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Mick Brady

10 Mar

Welcome to Saturday Business chat.  Today we’re in North Wales with Mick Brady from Denbigh Army SurplusI contacted DAS when I found out about their super Resilience Challenge. Basically, once a week they issue a map reference to their followers. The first person to locate Mick and his son Rich sitting in their tent on a mountain wins a significant prize of outdoor gear. What a great way to promote your business and showcase your products! There’s a press release about their special Christmas challenge and more information on the website.

This is a bigger business than some of the ones I’ve featured, being family-run by Mick, his wife and their two sons. They’ve been going for nearly 25 years, too – so whatever lessons they learned in the early years must have been useful ones! For Mick, the time was right to fulfil his ambition to run his own business, even though he chose the particular area by chance and had to work hard at more than one job to get it going.  And he’s honest about the expense involved, too, although these obviously differ depending on your business model.

Let’s meet Mick and hear about the outdoor life in North Wales!

What’s your business called? When did you set it up?

The business is called Denbigh Army Surplus and was set up in August 1988.

What made you decide to set up your own business?

I have had the desire to run my own business since I was in my teens. I trained as an engineer and entered teaching as a late graduate. In 1988 I took a year out of teaching to try my hand at various projects for a year. I never returned to teaching.

What made you decide to go into this particular business area?

A chance conversation about buying stock from MoD (Ministry of Defence) auctions. I bought some stock, had a go at selling it and here we are.

Had you run your own business before?

I had no previous experience of running a business. However, my wife and partner in the business had a flower shop in the 1970s which she gave up when the children arrived.

How did you do it? Did you launch full-time, start off with a part-time or full-time job to keep you going … ?

When I originally took a year out of teaching, come September we had no money coming in. We had a mortgage and two boys under six years old. Jan worked part time as a Florist. I did plumbing jobs, joinery jobs, sun bed delivery, basically anything to make some money. Whilst all this was going on I was driving around North Wales and the North West selling army surplus from the back of our Ford Escort estate car.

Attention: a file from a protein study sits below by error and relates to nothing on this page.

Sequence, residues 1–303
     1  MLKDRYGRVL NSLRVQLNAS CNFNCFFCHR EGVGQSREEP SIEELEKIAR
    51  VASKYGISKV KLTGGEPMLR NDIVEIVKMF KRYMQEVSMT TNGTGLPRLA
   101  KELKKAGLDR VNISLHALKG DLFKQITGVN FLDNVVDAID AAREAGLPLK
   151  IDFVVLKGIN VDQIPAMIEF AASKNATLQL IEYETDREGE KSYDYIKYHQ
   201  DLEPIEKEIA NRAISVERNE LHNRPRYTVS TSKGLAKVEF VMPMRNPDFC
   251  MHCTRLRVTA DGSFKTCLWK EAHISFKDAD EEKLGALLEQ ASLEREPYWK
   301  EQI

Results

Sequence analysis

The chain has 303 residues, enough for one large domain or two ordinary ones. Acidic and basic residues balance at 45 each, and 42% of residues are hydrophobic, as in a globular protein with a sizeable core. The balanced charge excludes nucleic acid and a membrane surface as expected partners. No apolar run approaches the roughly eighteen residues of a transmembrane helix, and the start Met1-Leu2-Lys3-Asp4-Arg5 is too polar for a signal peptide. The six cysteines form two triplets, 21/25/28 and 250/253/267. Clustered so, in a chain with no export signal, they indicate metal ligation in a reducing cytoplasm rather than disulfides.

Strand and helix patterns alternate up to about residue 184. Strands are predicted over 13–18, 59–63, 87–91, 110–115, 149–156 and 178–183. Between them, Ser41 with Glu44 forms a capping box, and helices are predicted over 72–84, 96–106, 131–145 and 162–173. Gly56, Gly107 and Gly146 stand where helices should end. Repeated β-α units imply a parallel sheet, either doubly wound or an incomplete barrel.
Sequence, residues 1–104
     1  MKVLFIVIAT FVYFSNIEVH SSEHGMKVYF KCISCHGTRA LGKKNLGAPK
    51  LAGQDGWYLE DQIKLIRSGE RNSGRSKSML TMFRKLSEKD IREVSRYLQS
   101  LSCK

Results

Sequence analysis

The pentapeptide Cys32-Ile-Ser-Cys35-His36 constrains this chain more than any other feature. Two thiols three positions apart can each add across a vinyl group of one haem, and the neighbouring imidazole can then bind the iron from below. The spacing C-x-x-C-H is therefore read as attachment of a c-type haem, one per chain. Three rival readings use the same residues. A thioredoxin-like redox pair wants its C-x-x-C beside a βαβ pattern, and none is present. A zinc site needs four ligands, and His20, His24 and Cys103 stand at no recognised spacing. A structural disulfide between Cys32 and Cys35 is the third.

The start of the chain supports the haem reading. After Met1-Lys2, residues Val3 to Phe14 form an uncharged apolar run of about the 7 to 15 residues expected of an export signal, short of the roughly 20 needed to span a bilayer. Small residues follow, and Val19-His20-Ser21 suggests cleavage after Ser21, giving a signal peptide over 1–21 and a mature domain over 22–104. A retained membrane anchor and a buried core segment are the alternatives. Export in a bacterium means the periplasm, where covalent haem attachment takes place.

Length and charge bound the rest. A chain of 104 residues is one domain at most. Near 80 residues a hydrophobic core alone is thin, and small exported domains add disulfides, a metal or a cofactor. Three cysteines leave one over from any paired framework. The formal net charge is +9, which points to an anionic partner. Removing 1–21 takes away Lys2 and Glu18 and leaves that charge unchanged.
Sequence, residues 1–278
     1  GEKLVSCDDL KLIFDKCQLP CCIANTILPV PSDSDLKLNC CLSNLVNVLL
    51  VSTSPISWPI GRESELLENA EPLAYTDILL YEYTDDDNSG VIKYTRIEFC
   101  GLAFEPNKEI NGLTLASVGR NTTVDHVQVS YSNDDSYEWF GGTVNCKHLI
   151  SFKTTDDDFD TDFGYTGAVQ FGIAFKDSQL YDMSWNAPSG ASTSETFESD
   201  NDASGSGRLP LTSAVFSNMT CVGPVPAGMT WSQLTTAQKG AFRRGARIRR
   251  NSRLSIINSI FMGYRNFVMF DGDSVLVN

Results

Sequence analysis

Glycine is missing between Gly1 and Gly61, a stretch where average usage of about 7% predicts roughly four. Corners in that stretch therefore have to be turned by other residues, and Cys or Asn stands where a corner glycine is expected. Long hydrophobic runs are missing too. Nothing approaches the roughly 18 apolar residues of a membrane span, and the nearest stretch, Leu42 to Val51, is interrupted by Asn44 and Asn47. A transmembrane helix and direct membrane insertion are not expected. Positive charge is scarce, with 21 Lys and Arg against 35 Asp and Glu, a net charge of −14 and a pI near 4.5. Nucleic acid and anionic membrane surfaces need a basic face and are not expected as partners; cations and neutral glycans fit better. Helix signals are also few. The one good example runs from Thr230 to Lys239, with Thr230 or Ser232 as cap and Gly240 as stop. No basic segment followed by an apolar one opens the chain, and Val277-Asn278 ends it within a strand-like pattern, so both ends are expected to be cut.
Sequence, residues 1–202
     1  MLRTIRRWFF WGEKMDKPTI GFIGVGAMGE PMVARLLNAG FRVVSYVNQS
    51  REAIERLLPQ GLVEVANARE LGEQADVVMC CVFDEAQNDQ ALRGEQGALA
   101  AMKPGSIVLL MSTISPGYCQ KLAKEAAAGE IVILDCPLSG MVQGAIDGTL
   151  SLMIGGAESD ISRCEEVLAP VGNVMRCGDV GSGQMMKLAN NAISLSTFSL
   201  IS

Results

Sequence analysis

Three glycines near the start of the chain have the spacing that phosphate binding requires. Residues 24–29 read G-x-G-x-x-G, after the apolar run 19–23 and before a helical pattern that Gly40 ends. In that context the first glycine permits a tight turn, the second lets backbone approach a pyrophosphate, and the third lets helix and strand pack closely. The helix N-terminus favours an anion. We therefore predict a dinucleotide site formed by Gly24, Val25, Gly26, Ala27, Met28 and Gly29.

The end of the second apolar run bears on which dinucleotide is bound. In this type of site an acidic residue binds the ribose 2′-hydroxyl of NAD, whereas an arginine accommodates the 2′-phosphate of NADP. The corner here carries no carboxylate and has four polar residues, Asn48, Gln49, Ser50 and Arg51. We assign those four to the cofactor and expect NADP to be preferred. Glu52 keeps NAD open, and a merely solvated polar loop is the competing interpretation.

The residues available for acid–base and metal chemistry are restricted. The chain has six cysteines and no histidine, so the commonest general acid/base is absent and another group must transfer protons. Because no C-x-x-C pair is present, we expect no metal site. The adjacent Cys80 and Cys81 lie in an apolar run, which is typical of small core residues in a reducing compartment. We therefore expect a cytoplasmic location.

What do you wish someone had told you before you started?

Nothing really. It was a time in my life that I felt I wanted to have a go at self-employment. Succeed or not, I wanted to give myself a year’s run at it and at least get it out of my system. My wife Jan was fully supportive; teaching colleagues, family friends and the bank manager thought I was totally mad.

What would you go back and tell your newly entrepreneurial self?

You will need to take between 8 and 10 times your current salary in takings to  provide  enough profits  to supply  that salary you are  giving  up prior to self employment. It will be  quite a shock to anyone leaving an existing  job to become self-employed when the implications of  VAT, insurance,  rates , staff costs, postage , vehicle and apparently endless other expenses accrue.

What do you wish you’d done differently?

On the whole, not much. Sometimes I think if I was bolder or took more risks the business would have grown more. However, in business as in all aspects of life. It’s a tight rope walk of compromise.

What are you glad you did?

I am certainly glad I became self-employed. Buying our own premises I would rate as our wisest business decision.

What’s your top business tip?

Avoid debt and grow the business organically.

How has it gone since you started? Have you grown, diversified or stayed the same?

The business has grown to provide all 4 members of the family with decent paid jobs. We have gone from originally selling from a van with our garage as a store to selling goods all over the UK and the world. Now we trade from our 2000 ft warehouse on a ¾ acre site in North Wales.

Where do you see yourself and your business in a year’s time?

Our youngest son Richard came into the business a year ago. He is my IT, Internet and Website guru. Through him the online business is growing quite well. So, I would hope for some growth in the business next year. In the current economic climate we may have to settle for static growth and be grateful for that.

A triumph of hard work, care, and the family pulling together. I certainly agree with Mick’s top business tip. I hope our businesses are all around in 25 years’ time!

You can find Denbigh Army Surplus at www.denbigharmysurplus.co.uk/ and email  or call on 01745 814 978, and they’re on Twitter, too, of course.

Mick didn’t provide any further updates after this first interview. As far as I know the website is still live as of September 2013.

If you’ve enjoyed this interview, please see more small business chat, the index to all the interviewees, and information on how you can have your business featured. If you’re considering setting up a new business or have recently done so, why not take a look at my new book, Going It Alone At 40: How I Survived my First Year of Full-Time Self-Employment.

 
 

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